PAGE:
A very direct measure of noise is variation in the expression level of the same gene in many otherwise identical cells. For some genes, there is a lot of variation, given the mean abundance, for others much less. In yeast, for example, 'essential' proteins (those whose absence is lethal) tend to have low-noise expression . Other proteins, notably those for the import of metabolites from the environment into the cell, tend to be very noisy. Is this between-gene variation in noise itself adaptive? A priori, essential genes would be expected to be tightly regulated and to have low variation in expression: if levels of the protein accidentally slip too low, the cell might die. Does the noise of highly noisy genes exist to enable a response to a variable environment – or because selection doesn't care?
Two favorite examples from my laboratory bear on issues on which confident neutralist statements were commonplace: that selection will not affect synonymous mutations in mammals and that the location of genes in the genome is irrelevant. We found that in regard to synonymous mutations the strict-neutralist position is hard to substantiate in mammals, but for previously unrecognized reasons. Mammalian genes are unusual in having a very low ratio of coding sequence to intronic DNA. This presents our cellular machinery with an unusual problem, namely correctly identifying the ends of numerous small exons. The solution mammals appear to have reached is to allow a specific class of proteins (SR proteins) to bind in immature RNA to exonic splice enhancer (ESE) motifs, these being located predominantly at the ends of exons . The need to specify these motifs, however, ensures that many synonymous mutations are under probably strong selection, as failure of splicing is potentially highly deleterious . Indeed, upwards of 40 diseases are associated with synonymous mutations that disrupt splicing . Both the choice of which codon to use and rates of evolution of synonymous sites  are affected by the need to specify ESEs.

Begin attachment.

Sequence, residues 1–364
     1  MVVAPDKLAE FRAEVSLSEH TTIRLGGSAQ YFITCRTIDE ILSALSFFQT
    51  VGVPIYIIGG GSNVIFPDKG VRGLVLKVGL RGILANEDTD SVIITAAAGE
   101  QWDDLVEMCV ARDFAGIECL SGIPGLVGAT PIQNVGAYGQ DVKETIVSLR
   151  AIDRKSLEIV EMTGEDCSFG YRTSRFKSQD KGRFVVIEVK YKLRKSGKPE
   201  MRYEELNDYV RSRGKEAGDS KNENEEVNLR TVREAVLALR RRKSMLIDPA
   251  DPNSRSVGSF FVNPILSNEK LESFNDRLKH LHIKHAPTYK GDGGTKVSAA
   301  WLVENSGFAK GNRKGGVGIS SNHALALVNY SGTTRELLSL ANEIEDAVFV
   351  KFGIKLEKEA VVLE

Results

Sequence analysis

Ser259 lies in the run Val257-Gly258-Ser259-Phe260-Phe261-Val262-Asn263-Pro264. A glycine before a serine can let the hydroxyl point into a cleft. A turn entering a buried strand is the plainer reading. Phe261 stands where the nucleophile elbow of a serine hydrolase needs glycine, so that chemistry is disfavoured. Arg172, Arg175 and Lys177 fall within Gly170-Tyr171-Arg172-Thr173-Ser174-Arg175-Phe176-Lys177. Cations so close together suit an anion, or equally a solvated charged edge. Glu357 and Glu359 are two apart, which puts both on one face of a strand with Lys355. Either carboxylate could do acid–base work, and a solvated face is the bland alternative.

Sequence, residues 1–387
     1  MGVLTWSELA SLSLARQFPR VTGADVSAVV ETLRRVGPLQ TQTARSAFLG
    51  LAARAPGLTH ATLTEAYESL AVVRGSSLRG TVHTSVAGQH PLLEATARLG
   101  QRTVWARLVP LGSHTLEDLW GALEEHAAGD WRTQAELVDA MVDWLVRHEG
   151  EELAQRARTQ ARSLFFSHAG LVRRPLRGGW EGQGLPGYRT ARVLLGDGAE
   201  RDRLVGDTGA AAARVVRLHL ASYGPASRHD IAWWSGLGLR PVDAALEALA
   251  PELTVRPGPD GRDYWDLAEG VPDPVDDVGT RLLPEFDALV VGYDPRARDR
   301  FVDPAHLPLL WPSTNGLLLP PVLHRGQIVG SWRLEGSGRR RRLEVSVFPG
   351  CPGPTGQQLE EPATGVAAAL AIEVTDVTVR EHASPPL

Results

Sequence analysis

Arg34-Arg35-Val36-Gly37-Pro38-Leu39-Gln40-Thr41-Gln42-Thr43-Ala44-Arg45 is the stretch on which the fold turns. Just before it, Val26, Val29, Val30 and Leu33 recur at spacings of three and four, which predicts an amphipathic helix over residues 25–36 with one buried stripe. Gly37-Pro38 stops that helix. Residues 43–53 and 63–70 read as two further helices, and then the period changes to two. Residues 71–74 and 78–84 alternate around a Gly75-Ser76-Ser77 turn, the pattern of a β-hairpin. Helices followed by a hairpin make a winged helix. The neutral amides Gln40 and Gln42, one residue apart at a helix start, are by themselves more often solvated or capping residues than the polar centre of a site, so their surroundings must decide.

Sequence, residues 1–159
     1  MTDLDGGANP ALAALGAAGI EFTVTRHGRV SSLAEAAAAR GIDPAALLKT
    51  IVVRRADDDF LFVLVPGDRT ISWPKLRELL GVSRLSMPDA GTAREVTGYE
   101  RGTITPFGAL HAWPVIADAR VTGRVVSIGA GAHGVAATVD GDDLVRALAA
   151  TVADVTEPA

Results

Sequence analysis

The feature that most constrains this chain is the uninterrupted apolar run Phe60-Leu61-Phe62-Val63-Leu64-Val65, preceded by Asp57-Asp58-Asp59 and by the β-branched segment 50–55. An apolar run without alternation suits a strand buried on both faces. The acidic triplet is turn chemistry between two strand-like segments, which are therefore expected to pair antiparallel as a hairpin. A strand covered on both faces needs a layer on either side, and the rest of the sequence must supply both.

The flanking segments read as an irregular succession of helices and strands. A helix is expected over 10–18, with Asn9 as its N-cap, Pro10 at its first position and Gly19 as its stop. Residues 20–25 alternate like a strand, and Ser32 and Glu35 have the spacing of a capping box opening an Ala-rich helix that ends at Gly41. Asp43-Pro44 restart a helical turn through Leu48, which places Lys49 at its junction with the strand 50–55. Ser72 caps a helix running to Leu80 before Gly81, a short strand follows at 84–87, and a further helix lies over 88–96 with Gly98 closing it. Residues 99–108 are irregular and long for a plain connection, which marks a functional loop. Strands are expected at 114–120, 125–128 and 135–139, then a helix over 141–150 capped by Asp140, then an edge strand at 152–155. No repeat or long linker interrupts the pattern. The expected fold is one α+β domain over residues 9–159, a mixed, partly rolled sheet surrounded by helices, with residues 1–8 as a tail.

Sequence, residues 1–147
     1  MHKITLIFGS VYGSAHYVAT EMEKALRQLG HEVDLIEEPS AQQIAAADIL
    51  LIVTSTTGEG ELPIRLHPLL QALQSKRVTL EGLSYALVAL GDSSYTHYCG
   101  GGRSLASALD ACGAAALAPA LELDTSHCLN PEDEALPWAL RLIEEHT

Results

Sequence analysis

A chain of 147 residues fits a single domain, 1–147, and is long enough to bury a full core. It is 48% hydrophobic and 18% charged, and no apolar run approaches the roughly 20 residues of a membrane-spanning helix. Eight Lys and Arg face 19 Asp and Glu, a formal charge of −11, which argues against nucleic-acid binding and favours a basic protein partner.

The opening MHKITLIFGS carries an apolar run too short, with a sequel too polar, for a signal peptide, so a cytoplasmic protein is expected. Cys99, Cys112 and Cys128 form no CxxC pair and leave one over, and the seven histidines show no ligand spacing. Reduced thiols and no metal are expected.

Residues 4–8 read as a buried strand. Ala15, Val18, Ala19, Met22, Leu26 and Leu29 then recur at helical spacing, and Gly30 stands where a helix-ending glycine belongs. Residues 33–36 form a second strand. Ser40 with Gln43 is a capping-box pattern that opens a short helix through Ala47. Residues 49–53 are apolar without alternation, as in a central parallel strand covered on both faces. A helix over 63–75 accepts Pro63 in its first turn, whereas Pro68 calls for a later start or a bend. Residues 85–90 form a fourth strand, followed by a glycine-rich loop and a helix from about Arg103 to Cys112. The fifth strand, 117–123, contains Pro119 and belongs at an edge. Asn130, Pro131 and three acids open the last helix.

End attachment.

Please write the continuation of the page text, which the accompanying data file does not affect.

The issue of gene location gets to the heart of the relationship between genome organization and the control of gene expression. The simplest model supposes that a gene with its relevant upstream control elements is enough to dictate expression of that gene. Those working on transgenes (genes inserted by researchers into a genome) know from experience that this is a limited model, as most new transgene inserts will not be expressed appropriately, if at all. There is now abundant evidence that within a genome, genes with similar expression patterns cluster together  – that is, they are syntenic. Whether this reflects selection or noise remains the key issue. A simple model supposes that most DNA in any given cell type is packaged in such a way as to be largely unavailable for transcription. The unpacking of the DNA to enable expression from one gene can potentially influence, by accident, the expression of neighboring genes. Indeed, the transcription rate of a transgene corresponds to that of the genes adjacent to the position in which it is inserted .
The alternative possibility is that genes expressed together are in close vicinity because selection has favored specific patterns of coordinated expression. Comparative genomics can help resolve this issue. Do coexpressed genes tend to be preserved in synteny more than expected, as predicted by a selectionist model? To a limited degree this can be the case . However, we also find that neighboring genes have more coordinated expression patterns (when one gene is upregulated the neighbor is as well; when downregulated they tend to be downregulated in concert) than expected simply because of being next to each other on the chromosome . This can also be shown experimentally: two transgenes are coexpressed when inserted adjacent to one another but not when inserted in genomically different locations . The quantitative extent to which this is true is striking. On average, genes that are regulated by completely different sets of transcription factors have, if the genes are neighbors, the same degree of coexpression as a pair of unlinked genes that have exactly the same set of transcription factors regulating them (Figure 2) .